Readings

Required Reading

Where appropriate, required reading will be made available in PDF form prior to the workshop. If you need the readings made available to you in a different format, please let the workshop organizers know as soon as possible.

Workshop One & Two:

Digital Projects

Dawnland Voices: Writing of Indigenous New England

Digital Index of North American Archaeology

Yale Indian Papers Project

Transcribe@Yale

The Jonathan Edwards Online Archive and Sources on Native American Missions

Building & Digitizing the Kim-Wait/Eisenberg Collection at Amherst College

High Performance Sound Technologies for Access and Scholarship (HiPSTAS)

Articles and Printed Publications:

Anderson, J. (2005). Indigenous Knowledge, Intellectual Property, Libraries and Archives: Crises of Access, Control and Future Utility. Australian Academic & Research Libraries, 36(2), 83–94. doi:10.1080/00048623.2005.10721250. Download as PDF: Indigenous Knowledge Intellectual Property Libraries and Archives Crises of Access Control and Future Utility

Brown, D., & Nicholas, G. (2012). Protecting Indigenous Cultural Property in the Age of Digital Democracy: Institutional and Communal Responses to Canadian First Nations and Maori Heritage Concerns. Journal of Material Culture, 17(3), 307–324. Download as PDF: Protecting Indigenous Cultural Property in the Age of Digital Democracy: Institutional and Communal Responses to Canadian First Nations and Maori Heritage Concerns

Senier, S. (2014). Digitizing Indigenous History: Trends and Challenges. Journal of Victorian Culture, 19(3), 396–402. doi:10.1080/13555502.2014.947188. Download as PDF: Digitizing Indigenous History: Trends and Challenges

Honma, Todd. (2005). Trippin’ Over the Color Line: The Invisibility of Race in Library and Information Studies. InterActions: UCLA Journal of Education and Information Studies, 1(2), Article 2. Retrieved from: http://www.escholarship.org/uc/item/4nj0w1mp. Download as PDF: Trippin’ Over the Color Line: The Invisibility of Race in Library and Information Studies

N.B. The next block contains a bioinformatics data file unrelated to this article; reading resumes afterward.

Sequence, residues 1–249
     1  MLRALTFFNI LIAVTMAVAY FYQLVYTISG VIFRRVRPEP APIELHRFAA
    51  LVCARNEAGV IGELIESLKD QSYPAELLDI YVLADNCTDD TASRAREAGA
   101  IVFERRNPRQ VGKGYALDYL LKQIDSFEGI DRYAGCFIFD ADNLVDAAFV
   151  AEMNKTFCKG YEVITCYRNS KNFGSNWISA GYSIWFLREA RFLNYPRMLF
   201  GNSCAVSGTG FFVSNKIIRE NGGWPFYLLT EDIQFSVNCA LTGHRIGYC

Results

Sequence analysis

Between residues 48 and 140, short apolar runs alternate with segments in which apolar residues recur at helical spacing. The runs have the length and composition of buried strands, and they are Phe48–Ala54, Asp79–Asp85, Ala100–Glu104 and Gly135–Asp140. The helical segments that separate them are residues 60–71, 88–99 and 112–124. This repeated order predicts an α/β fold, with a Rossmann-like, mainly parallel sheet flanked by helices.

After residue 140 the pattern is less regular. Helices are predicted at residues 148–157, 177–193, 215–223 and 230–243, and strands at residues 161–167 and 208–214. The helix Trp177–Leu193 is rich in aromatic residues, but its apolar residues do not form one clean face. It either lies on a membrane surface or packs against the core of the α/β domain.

Powell, T., & Aitken, L. (2010). Encoding Culture: Building a Digital Archive Based on Traditional Ojibwe Teachings. In The American Literature Scholar in the Digital Age (Ed. Amy Earhart and Andrew Jewell, pp. 250–274). Ann Arbor: University of Michigan Press. View online as HTML: Encoding Culture: Building a Digital Archive Based on Traditional Ojibwe Teachings

Cushman, E. (2013). Wampum, Sequoyan, and Story: Decolonizing the Digital Archive. College English, 76(2), 116–135. Download as PDF: Wampum, Sequoyan, and Story: Decolonizing the Digital Archive

Introduction to linked data and the semantic web, http://www.linkeddatatools.com/semantic-web-basics

Earheart, A. (2012). Can Information Be Unfettered? Race and the New Digital Humanities Canon. In Debates in the Digital Humanities (Ed. Matt Gold). Minneapolis: U of Minnesota P. Retrieved from http://dhdebates.gc.cuny.edu/debates/text/16. View as HTML: http://dhdebates.gc.cuny.edu/debates/text/16

Christen, K. (2011). Opening Archives: Respectful Repatriation. The American Archivist, 74(Spring/Summer), 185–210. Download as PDF: Opening Archives: Respectful Repatriation

Christen, K. (2005). Gone Digital: Aboriginal Remix and the Cultural Commons. International Journal of Cultural Property, 12(03), 315–345. doi:10.1017/S0940739105050186. Download as PDF: Gone Digital: Aboriginal Remix and the Cultural Commons

Christen, K. (2012). Does Information Really Want to Be Free?: Indigenous Knowledge Systems and the Question of Openness. International Journal of Communication, 6, 2870–2893. Download as PDF: Does Information Really Want to Be Free?: Indigenous Knowledge Systems and the Question of Openness

McPherson, Tara. (2012). Why Are the Digital Humanities So White? or Thinking the Histories of Race and Computation. Debates in the Digital Humanities, ed. Matthew Gold. Retrieved from: http://dhdebates.gc.cuny.edu/debates/text/29. View as HTML: http://dhdebates.gc.cuny.edu/debates/text/29.